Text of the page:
Monday, October 30, 2006

Always Welcome

I've often wondered just how common Welcome Swallows were before European settlement in Tasmania. At the moment, almost every bridge and the larger concrete culverts, 'sport' a pair or more of these birds. And , of course, many sheds, and the eaves of houses, support them too. I can't recall ever finding a nest in anything not man made. Presumably, before settlement, they nested in hollow trees, caves and similar, but would they have been as commom? The similar Tree Martin still primarily nests in trees, often colonially, but occasionally uses pipes and holes in concrete. For several years, martins nested in the exhaust pipe of an old crane on the Hobart Waterfront, and may still do so.
I recall photographing the similar Swallow (hirundo rustica) that is found in England. It had chosen to nest on top of a heater in a bathroom. I photographed a parent bird feeding young at the nest, which was published in the local paper, I suspect with the usual comments about English Summers. The owners of the house used the photo for the front of their Christmas card! The Welcome Swallow shown here, was photographed recently at Gould's Lagoon.

Friday, October 27, 2006

Orielton Waders

There was a time when Orielton Lagoon was at the top of many local birders list of birding venues. Two decades on from those 'halcyon' days, it doesn't register on many birders radar at all. In mitigation, it must be said there have been many changes in that time. The lagoon is now semi tidal, and largely salt water, this to accommodate the local sewage works. There is a burgeoning Kelp Gull colony, and the march of housing development, has crept ever closer. Despite all those negatives, it's still worth a visit, but it's at its' best at high tide.
My visit earlier this week, was primarily to photograph a Greenshank, a species I have so far failed to get. Unfortunately, the Bartails and the Greenshank were roosting together, so I knew it would be fraught, and it was! I approached the flock with some care, but they took flight. I managed to get a few shots before they settled again some metres away. At this point I decided against trying again, I felt they get enough disturbance without my adding further to it. The flock consisted of around 80 Bar-tailed Godwit, c.20 Greenshank and 10 Curlew Sandpiper. The Red-necked Stint prefer the Sorell side of the lagoon where there were approx. 700 stint with 2 Pacific Golden Plover. The GPs were surprisingly easy to approach, and I managed a few shots. The plover seem to prefer the open ground near the golf course, where they sometimes number over a hundred birds. Orielton Lagoon is still worth a visit.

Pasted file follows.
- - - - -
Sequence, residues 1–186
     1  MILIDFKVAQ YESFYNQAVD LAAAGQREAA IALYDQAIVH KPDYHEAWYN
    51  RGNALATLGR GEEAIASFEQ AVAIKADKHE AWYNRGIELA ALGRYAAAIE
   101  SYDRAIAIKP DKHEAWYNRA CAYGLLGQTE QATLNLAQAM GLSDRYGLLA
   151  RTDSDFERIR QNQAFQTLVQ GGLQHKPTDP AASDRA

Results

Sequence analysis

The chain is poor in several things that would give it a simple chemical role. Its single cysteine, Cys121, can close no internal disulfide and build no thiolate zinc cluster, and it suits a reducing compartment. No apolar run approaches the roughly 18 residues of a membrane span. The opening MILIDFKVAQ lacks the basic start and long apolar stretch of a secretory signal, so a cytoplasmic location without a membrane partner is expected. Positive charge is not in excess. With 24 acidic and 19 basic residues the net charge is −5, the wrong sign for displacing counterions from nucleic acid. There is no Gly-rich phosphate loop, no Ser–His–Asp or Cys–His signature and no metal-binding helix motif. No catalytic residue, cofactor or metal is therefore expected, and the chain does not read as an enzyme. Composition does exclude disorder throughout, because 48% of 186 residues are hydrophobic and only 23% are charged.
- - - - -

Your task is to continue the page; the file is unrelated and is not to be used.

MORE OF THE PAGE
Images: Upper left, Pacific Golden Plover; lower left, Curlew Sandpiper; upper right, Bar-tailed Godwit; lower right, Greenshank (and a solitary Bartail).

Tuesday, October 24, 2006

Truganini Reserve--A Little Gem.

It's been a while since I birded the Truganini Reserve in Taroona, only a matter of a few kilometres from the centre of Hobart. I sought shelter from the wind at the weekend, in this reserve, and determined to get back there in better conditions, which I did yesterday. Although it's only about 43 ha., and pretty narrow, it's certainly worthy of mention. It runs from the main road upto the Mt. Nelson lookout and, according to the notice at the entrance, takes about 90 minutes for the round trip. I'll take their word for that, as I only birded the first 7 or 800 metres or so. I recorded around 30 species in or flying over the reserve, which for the first part at least, follows the creek line, and consists of eucalypt, with fairly dense undergrowth. I managed to take all the accompanying images in the 3 hours that I birded there, but I also managed shots of Golden Whistler, Yellow-throated Honeyeater, Beautiful Firetail, Scarlet Robin, Blackbird and Silvereye. Perhaps the birds are used to people, or I was just lucky, but it was a great birding and photography session. Other birds seen included Dusky Woodswallow, Green Rosella, Dusky Robin, Fan-tailed Cuckoo, Shining Bronze-cuckoo, Yellow Wattlebird, Crescent Honeyeater, and Striated and Spotted Pardalotes. All in all, well worth a visit.

Pictured are, top right,Strong-billed Honeyeater, bottom right, Black-headed Honeyeater, top left, Pink Robin, bottom left,